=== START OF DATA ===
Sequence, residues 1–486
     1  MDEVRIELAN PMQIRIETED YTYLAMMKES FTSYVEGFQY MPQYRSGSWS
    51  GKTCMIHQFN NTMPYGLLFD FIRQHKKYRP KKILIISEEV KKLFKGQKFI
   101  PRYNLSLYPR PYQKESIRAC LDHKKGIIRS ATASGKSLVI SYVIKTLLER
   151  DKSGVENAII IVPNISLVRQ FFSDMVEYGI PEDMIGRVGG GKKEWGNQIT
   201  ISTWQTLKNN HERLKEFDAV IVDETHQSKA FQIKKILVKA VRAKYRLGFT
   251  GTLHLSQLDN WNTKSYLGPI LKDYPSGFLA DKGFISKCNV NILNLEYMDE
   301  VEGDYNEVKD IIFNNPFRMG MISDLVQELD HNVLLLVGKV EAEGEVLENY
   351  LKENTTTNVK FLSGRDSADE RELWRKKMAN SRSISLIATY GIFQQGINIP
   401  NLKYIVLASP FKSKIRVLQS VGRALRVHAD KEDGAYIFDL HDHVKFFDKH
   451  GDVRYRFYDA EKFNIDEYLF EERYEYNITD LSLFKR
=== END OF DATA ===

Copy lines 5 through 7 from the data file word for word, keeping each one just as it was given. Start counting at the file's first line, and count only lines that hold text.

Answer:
   151  DKSGVENAII IVPNISLVRQ FFSDMVEYGI PEDMIGRVGG GKKEWGNQIT
   201  ISTWQTLKNN HERLKEFDAV IVDETHQSKA FQIKKILVKA VRAKYRLGFT
   251  GTLHLSQLDN WNTKSYLGPI LKDYPSGFLA DKGFISKCNV NILNLEYMDE